This all leads to the central argument of the story.

The Muslim Brotherhood and other Islamist parties captured the lion’s share of the vote in Egypt’s first democratic elections two years ago. The Brotherhood had renounced violence decades earlier and gained popularity by establishing a vast network of charitable organizations.

These days, those images of benign Islamist leadership have been erased from many minds by the hyper-nationalist rhetoric promoted by the government, which has portrayed Brotherhood members as bloodthirsty terrorists bent on destroying the nation.

An assortment of disconnected facts are presented to support this argument, coupled with further pro-Brotherhood arguments from the Washington Post. Assertions are piled on assertions and dubious statements presented uncritically.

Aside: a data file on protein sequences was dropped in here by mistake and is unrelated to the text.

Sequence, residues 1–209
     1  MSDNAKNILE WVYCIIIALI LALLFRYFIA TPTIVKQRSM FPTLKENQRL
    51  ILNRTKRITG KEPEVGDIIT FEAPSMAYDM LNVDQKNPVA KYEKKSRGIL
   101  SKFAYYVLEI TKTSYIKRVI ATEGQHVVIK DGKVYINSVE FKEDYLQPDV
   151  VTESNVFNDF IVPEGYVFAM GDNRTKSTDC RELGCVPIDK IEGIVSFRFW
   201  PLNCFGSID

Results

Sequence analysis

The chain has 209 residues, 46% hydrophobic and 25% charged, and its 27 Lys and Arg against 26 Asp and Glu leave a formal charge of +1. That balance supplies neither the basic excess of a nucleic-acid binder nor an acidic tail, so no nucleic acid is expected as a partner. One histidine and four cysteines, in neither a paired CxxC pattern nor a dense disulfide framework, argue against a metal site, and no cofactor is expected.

The government’s crackdown has been so pervasive — and the cult of support for military leader Abdel Fatah al-Sissi so far-reaching — that the Brotherhood has likened Egypt’s transgression to “fascism,” as have some liberal observers.

Is labeling support for al-Sissi a “cult” fair? Fascism? Is citing a foreign diplomat as a “liberal” observer appropriate? The US embassy and the former ambassador have been denounced for its pro-Brotherhood statements and have little credibility in Egypt — are Western diplomats an appropriate source on this point?

The article closes with a pessimistic quote from an Egypt expert at Harvard. Given six decades of military rule following the overthrow of King Farouk it was foolish to expect Egypt to take to democracy, he argues.

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Pod people: What’s religion got to do with Egyptian tourism?